Ford Issues New Recall for Small Group of Ranger Pickups
Forward-thinking Ford asks 2,900 2006 Ranger owners to park their truck after more faulty Takata airbags surface.
Automakers have scrambled in recent years to replace defective airbags produced by Takata Corporation. And now, Ford has decided to issue a new recall affecting 2,900 model year 2006 Ranger pickups. The recall comes on the heels of two confirmed deaths caused by defective Takata airbag inflators. The faulty parts have led to the largest automotive recall in history and a total of 21 deaths so far, 19 of which have occurred in Honda vehicles.
Takata inflators can explode with excessive amounts of force, sending metal fragments into drivers and passengers. So far, the recall spans some 125 million vehicles across 19 manufacturers worldwide. The recall is so large that automakers have struggled to obtain adequate replacement parts for the massive number of vehicles affected.
Ford’s previous recall covered a total of 391,000 2004-2006 Rangers. Both recent reports of faulty inflators occured in 2006 model year Rangers built on the same day. Ford is urging owners of affected trucks to stop driving them immediately until the faulty parts can be replaced.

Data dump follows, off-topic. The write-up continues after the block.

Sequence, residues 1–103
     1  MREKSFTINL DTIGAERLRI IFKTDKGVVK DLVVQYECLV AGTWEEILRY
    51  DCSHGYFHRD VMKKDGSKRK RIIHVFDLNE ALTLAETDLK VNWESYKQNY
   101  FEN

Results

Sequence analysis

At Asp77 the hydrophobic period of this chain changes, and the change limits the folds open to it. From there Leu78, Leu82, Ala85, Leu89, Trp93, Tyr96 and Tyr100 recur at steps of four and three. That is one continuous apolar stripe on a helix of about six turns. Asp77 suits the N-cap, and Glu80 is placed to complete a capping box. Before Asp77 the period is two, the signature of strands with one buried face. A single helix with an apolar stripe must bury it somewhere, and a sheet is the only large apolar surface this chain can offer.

Ford has offered to pay to have the vehicles towed to dealerships and cover associated costs. Alternatively, mobile repair teams can be sent to owner’s homes. Either way, Ford has offered free loaner vehicles to affected owners if needed.
So far, the recall spans 125 million vehicles across 19 manufacturers worldwide. It is so large that automakers have struggled to obtain replacement parts.
A Mazda Motor Corp spokesperson also confirmed the company would be issuing a similar recall for its 2006 Mazda B-Series trucks, also produced by Ford.
The National Highway Traffic Safety Administration is also urging owners to heed Ford’s warning. “It is extremely important that all high-risk air bags are tracked down and replaced immediately,” NHTSA spokeswoman Karen Aldana said.
Ford is in the process of contacting affected owners, but you can also check NHTSA’s site for up to date recall information.